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South Africa Sets Green Goals for World Cup

The South African government is making significant investment ($493 million) in mass transportation to streamline moving people around the nine host cities.
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It's a stretch of the imagination that any large international event could be good for the environment, but South Africa is working to put the maximum green sheen on the 2010 FIFA World Cup.

Events that require millions of miles of transit will create substantial carbon footprints, but the "green ante" keeps getting raised. Live Earth stressed recycling and riding mass transit, China did its best to clean up Beijing before and after the 2008 Olympics, and even the Super Bowl was touted as carbon neutral.

Hosting the global soccer, er, football championship will more than double the amount of travelers to South Africa during 2010 to 20 million, said Dr. Danny Jordaan, the Chairman and Chief Executive Officer of the 2010 FIFA World Cup Organizing Committee, during a media briefing I attended in Johannesburg in December.

The majority of these fans will travel thousands of miles each from far-flung cities in Asia, the Americas and Europe. To put the young democracy's best face forward for these throngs of first-time visitors, South Africa's host cities are getting major upgrades in mass transit as well as urban landscape renewal. An international all-star team is donating expertise, technology and money for infrastructure upgrades in advance of the World Cup, which is now less than 500 days away.

Norway has donated $120,000 for tree planting in Johannesburg to offset a portion of the greenhouse gas generated in the city. Germany (which hosted the 2006 World Cup), along with the Global Environment Facility and the United Nations Environment Program (UNEP) is participating in the "Green Goal" program for Cape Town that targets energy and water conservation, waste reduction, transportation, and green building.

FIFA (the Federation Internationale de Football Association), which governs the World Cup, teamed up with the UN and other international organizations to create a $70 million "Win in Africa with Africa" campaign focusing on social responsibility and sustainable development throughout the continent.

The South African government is making significant investment ($493 million) in mass transportation to streamline moving people around the nine host cities. Roads (which outside of the downtowns are in dire need of expansion, based on my travels around Johannesburg and Cape Town) are being paved and widened through the Public Transport Infrastructure Fund, which received a contribution of $11 million from the GEF. The goal of the program is to increase ridership on transit and by bicycle to reduce the number of car miles traveled, resulting in a net reduction of 423,000 tons of CO2 emissions during the next decade.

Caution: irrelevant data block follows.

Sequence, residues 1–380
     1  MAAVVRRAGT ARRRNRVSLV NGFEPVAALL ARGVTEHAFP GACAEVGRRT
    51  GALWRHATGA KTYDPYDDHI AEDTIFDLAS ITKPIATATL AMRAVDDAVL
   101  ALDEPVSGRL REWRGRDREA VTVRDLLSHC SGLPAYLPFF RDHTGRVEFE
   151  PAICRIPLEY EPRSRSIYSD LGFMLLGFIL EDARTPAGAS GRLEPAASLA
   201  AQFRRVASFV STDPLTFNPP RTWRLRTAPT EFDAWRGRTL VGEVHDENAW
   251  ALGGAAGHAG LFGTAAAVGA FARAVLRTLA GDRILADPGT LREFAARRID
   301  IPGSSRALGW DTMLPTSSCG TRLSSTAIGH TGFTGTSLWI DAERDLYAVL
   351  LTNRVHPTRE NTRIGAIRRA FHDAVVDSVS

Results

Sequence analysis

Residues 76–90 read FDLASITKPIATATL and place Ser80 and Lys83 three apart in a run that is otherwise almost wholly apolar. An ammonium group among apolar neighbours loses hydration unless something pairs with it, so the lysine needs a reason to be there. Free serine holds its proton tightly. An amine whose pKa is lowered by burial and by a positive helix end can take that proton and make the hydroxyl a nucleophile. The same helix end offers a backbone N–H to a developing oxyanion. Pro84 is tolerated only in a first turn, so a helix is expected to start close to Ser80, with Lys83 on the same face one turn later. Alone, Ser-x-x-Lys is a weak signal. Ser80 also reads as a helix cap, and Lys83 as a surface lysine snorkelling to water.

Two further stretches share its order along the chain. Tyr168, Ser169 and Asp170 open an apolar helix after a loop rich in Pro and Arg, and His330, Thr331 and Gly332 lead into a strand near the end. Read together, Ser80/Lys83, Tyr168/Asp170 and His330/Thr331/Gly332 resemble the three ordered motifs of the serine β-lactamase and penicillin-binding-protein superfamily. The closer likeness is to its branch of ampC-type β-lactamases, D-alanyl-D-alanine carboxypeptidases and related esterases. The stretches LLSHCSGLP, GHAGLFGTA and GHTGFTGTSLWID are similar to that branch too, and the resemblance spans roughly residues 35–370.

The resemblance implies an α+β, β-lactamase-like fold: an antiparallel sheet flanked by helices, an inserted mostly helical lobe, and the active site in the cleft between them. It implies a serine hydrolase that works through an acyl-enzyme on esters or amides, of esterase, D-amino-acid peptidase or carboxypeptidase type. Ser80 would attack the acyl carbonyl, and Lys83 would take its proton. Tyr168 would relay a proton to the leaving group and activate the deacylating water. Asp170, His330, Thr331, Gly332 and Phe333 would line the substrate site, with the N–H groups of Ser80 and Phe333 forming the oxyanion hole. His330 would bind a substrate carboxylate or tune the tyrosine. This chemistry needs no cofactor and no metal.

The country's first of several Bus Rapid Transit systems around the host cities launched recently in Johannesburg and will feature more than 100 stops. On top of these improvements, Jordaan said more taxis and 1,400 additional buses will be in service during the World Cup.

South Africa added a luxury Blue Train line running between four (Johannesburg, Durban, Pretoria and, via a 27-hour route, Cape Town) of the host cities. However, Jordaan said many fans looking to attend matches in multiple cities will likely choose to go by taxi or rent cars, and "a high number will choose to travel by air." (And as we know, flying is the most carbon intensive way to travel.)

These infrastructure improvement efforts are to be commended because they will provide lasting benefits to the people of South Africa as well as to the environment. Questions about the readiness of the country to host remain, but Jordaan recently proclaimed preparations are on track.

Unfortunately the carbon footprint per person of the World Cup will likely be higher than from similar events. Why? Because people will be flying further to get there, and South Africa is tied to a cheap and abundant supply of coal for energy and transport (via liquefied coal). The auspices of the World Cup could have been used to launch a wind or solar power industry, but sadly that didn't happen.

According to a November 2008 study sponsored by the National Commission on Energy Policy, the life-cycle greenhouse gas emissions from liquefying coal into a transportation fuel is approximately double that of conventional fuels. Coal provides nearly all of the electric power in South Africa, as well as most of its transport and heating fuel.

But rather than pointing the finger solely at a country struggling to shake off the economic shackles left over from apartheid, the responsibility to green an event starts with the organizer.

FIFA has a list of 17 "guarantees" that a hosting country must meet to be awarded the games. These requirements relate to transit, financing, communications and immigration, but none to sustainability or environmental stewardship. That needs to change for the World Cup to be declared an international winner.